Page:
A bell over the castle's wide entry ramp, originally designed to accommodate horses and carriages.
Amboise city rooftops as seen from the castle's walls.
A broad view from the castle ramparts shows the Amboise bridge over the River Loire.
The marble bust of artist and inventor Leonardo da Vinci was erected in 1869 on the spot of the 12th-century Florentine church where da Vinci was originally laid to rest. In the 19th-century, his remains were transferred to St. Hubert Chapel on the chateau grounds.
This manicured Oriental garden lines the medieval southeast rampart. It is a tribute to the Emir of Algeria, Abd el-Khader, who surrendered during France's colonisation of Algeria. From 1848 until 1852 - when he was liberated by Napoleon Bonaparte - the emir, along with about 80 family members and attendants was under house arrest at the Chateau d'Amboise. He died in 1883 in Damascus.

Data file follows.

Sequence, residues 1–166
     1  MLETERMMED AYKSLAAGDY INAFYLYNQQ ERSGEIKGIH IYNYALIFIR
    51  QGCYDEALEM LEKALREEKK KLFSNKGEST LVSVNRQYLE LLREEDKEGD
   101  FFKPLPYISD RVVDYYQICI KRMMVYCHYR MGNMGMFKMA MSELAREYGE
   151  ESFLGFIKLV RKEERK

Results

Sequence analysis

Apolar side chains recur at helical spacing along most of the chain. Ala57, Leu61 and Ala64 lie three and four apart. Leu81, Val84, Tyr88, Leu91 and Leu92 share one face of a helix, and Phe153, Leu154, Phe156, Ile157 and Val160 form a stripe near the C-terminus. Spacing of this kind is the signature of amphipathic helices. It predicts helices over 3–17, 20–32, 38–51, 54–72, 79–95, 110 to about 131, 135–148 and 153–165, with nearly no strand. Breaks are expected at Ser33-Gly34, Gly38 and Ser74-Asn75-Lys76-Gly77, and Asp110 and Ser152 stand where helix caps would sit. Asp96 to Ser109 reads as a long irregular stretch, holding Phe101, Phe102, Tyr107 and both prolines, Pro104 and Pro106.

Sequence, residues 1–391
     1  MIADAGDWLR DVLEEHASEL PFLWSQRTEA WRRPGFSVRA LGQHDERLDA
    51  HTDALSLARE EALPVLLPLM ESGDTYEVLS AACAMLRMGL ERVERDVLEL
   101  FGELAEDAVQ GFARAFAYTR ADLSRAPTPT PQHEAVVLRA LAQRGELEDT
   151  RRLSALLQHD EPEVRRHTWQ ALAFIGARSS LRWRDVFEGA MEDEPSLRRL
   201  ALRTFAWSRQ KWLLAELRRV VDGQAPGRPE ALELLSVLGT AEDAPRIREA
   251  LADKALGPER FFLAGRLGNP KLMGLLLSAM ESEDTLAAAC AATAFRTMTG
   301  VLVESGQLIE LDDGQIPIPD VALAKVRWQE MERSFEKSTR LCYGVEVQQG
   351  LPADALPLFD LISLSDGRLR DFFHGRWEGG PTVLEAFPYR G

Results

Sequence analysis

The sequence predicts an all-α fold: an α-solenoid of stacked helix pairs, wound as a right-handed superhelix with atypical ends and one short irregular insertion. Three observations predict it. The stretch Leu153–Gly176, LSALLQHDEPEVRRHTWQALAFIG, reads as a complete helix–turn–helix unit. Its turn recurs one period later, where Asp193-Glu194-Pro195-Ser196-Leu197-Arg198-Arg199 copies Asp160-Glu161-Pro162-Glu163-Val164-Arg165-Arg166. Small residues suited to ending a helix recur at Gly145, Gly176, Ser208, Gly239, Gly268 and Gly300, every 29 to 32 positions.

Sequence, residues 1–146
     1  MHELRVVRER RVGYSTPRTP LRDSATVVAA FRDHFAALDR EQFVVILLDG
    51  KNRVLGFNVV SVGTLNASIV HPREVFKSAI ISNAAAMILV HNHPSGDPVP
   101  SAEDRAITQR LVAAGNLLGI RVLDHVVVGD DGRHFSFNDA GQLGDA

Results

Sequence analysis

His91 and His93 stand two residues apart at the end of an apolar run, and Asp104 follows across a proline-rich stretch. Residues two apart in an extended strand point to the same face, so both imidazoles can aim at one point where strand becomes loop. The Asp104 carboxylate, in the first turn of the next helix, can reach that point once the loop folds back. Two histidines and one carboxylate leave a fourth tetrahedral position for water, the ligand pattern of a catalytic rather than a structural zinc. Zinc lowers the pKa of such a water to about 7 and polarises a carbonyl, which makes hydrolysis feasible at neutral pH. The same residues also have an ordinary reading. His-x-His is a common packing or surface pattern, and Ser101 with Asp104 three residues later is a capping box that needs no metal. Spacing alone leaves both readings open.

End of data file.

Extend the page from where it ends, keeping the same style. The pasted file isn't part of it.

Details of brickwork from the Sentries' Walk, from whence guards could survey the Loire. The architectural variations show the transition from the French late-Gothic style of Charles VIII to the Italianate Renaissance style preferred by Louis XII-Francois I.
A decorative chest in the castle's entryway. My husband said signs were posted forbidding photos, but I didn't see them!
A Renaissance table and hand-carved throne.
The St. Hubert Chapel was built in Gothic style by Charles VIII, on foundations of an oratory built by Louis XI. Initially reserved for the royal family's use, the chapel contains a crypt for the body of Leonardo da Vinci, Francois I's good friend. It is believed that da Vinci's remains were removed from the crypt and returned to his native Italy.
The chapel has its doors flung open for visitors.
The ornate facade of St. Hubert's Chapel.
A close-up look at the carved scene over the chapel entrance.
Details of the chapel's heavy wooden Gothic doors.
The altar in St. Hubert Chapel.
The town of Amboise, as viewed from the walkway next to the chapel.